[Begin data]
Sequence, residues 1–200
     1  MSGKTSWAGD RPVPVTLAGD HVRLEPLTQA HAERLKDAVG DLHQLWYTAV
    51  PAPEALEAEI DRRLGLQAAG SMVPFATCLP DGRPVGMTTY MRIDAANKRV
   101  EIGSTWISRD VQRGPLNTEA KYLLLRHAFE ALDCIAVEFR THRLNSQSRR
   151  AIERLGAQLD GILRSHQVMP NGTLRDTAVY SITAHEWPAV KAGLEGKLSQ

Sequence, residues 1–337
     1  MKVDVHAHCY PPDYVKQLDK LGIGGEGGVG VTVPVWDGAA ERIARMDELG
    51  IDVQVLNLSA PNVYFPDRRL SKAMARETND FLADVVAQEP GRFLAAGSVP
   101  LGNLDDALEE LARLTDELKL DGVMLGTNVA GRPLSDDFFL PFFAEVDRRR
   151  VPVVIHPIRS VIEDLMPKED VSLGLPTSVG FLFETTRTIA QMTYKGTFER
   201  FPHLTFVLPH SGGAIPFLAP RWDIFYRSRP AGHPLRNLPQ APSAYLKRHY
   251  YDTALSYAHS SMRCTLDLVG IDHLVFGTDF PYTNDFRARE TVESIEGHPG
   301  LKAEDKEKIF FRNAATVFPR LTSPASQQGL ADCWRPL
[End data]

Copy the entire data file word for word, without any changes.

Sequence, residues 1–200
     1  MSGKTSWAGD RPVPVTLAGD HVRLEPLTQA HAERLKDAVG DLHQLWYTAV
    51  PAPEALEAEI DRRLGLQAAG SMVPFATCLP DGRPVGMTTY MRIDAANKRV
   101  EIGSTWISRD VQRGPLNTEA KYLLLRHAFE ALDCIAVEFR THRLNSQSRR
   151  AIERLGAQLD GILRSHQVMP NGTLRDTAVY SITAHEWPAV KAGLEGKLSQ

Sequence, residues 1–337
     1  MKVDVHAHCY PPDYVKQLDK LGIGGEGGVG VTVPVWDGAA ERIARMDELG
    51  IDVQVLNLSA PNVYFPDRRL SKAMARETND FLADVVAQEP GRFLAAGSVP
   101  LGNLDDALEE LARLTDELKL DGVMLGTNVA GRPLSDDFFL PFFAEVDRRR
   151  VPVVIHPIRS VIEDLMPKED VSLGLPTSVG FLFETTRTIA QMTYKGTFER
   201  FPHLTFVLPH SGGAIPFLAP RWDIFYRSRP AGHPLRNLPQ APSAYLKRHY
   251  YDTALSYAHS SMRCTLDLVG IDHLVFGTDF PYTNDFRARE TVESIEGHPG
   301  LKAEDKEKIF FRNAATVFPR LTSPASQQGL ADCWRPL